About Near and Apparent
I chose the name 'Near and Apparent' in a not-so-humble attempt to pay homage to the greatest Hebrew writer of the modern age, and the most illustrious byline ever to grace the pages of Haaretz: Shmuel Yossef "Shai" Agnon.
Near and Apparent (Samukh Ve'nireh), released to the public in 1950, was the sixth collection of Agnon's works, many of which appeared first in Haaretz. The Near and Apparent collection includes my two favorite Agnon tales, "The Two Sages Who Were in Our City" and "Hemdat, the Cantor." Both stories are prime examples of Agnon's mastery of shtetl-lore, full of the humor, irony and richness that marked the life of the east European Jewish township.
But Agnon's Near and Apparent isn't just a collection of period pieces from a vanished world. The second half of the book contains a segment called "Chapters in the Book of the State", a biting satire on modern politics and officialdom, written during the years of the British Mandate in Palestine and in the very first days of the new state of Israel. The book ends with "A Prelude to Kaddish – A Eulogy for the Martyrs of Eretz Yisrael," which Agnon wrote at the beginning of the War of Independence.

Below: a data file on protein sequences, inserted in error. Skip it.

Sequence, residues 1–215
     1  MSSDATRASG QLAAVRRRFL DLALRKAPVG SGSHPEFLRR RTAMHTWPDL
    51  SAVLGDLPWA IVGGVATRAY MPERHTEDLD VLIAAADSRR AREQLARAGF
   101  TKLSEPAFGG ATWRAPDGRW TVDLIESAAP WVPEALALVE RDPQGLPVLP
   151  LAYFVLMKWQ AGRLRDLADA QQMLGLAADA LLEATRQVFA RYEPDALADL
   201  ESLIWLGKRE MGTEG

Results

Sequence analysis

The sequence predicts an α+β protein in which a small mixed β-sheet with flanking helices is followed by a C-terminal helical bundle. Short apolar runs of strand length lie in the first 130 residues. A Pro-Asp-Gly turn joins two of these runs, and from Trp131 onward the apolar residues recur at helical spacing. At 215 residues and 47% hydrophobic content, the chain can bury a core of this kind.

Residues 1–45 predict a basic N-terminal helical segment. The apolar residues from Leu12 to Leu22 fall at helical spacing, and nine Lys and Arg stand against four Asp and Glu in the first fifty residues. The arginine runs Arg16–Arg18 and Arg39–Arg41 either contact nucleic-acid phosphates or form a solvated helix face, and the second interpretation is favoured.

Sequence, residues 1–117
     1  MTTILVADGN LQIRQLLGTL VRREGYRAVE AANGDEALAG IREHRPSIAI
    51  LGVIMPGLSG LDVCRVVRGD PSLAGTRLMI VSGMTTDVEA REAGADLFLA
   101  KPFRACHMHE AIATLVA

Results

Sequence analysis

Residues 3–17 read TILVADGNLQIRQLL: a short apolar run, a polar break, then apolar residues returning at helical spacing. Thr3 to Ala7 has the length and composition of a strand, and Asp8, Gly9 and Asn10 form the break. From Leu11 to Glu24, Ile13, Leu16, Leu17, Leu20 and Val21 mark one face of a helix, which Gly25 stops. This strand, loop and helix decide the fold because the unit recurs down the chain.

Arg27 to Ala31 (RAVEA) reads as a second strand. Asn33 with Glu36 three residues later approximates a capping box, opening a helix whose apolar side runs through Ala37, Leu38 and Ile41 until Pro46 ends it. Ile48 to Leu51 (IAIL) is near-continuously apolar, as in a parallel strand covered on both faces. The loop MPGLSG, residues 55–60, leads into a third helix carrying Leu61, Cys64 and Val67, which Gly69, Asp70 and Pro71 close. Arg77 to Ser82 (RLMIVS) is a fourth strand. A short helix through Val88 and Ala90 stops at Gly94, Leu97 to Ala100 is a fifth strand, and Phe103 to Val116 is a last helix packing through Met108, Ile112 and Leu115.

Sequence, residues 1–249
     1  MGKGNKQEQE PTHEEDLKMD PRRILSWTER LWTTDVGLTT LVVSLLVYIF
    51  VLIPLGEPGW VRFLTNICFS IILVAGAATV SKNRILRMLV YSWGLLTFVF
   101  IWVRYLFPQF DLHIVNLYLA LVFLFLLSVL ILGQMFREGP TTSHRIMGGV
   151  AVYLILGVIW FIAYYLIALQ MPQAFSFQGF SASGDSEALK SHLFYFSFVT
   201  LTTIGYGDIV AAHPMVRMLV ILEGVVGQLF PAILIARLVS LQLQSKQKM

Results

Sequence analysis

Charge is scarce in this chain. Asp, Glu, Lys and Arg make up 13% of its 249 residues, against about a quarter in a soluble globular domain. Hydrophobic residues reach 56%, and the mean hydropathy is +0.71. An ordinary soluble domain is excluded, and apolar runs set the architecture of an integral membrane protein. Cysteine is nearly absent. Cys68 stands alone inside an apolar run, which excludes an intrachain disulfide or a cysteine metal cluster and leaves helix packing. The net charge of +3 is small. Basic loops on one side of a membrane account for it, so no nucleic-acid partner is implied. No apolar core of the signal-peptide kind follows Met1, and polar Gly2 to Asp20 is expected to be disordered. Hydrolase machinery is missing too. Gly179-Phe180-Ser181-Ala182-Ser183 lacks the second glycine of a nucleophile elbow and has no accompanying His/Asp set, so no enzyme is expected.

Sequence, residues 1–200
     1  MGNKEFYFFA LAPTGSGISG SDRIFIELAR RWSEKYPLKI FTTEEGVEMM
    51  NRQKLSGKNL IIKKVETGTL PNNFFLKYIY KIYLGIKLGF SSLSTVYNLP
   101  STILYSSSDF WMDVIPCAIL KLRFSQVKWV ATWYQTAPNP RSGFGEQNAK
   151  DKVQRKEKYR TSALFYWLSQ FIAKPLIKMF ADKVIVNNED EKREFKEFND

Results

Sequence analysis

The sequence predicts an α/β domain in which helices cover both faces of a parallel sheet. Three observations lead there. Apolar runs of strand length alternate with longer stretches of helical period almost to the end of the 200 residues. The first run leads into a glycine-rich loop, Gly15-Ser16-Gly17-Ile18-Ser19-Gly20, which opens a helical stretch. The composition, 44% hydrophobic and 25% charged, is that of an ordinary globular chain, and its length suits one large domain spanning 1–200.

The thread that binds all of these stories together is the role of the individual, and his challenges and perseverance in the face of indiscriminating fate and faceless authority. It encompasses the triumphs and tragedies, both personal and public, of Jewish existence among the nations and in Israel.
Most of what you read on Haaretz.com was originally written in Hebrew, the language spoken at most of the events that we cover. Despite the valiant efforts of our indefatigable translators and editors, words and meanings will always get lost in the translation, comprising an entire layer of understanding, culture and experience that often remains hidden.
But translation can also be an advantage, particularly with the richness and versatility of the English language, which affords us opportunities to add nuance and complexity, not always possible in muscular, Spartan Hebrew.
The original Hebrew title of Agnon's collection, Samukh Ve'nireh, is a Talmudic term denoting proximity to a town, and can literally be translated as "close and visible".
The English words Near and Apparent, though not the precise translation, contain an extra dimension of ambiguity, a sense that things may not be as they seem or are presented to us.
Challenging those near and apparent perceptions of Israel and the world around it is the essence of Haaretz journalism.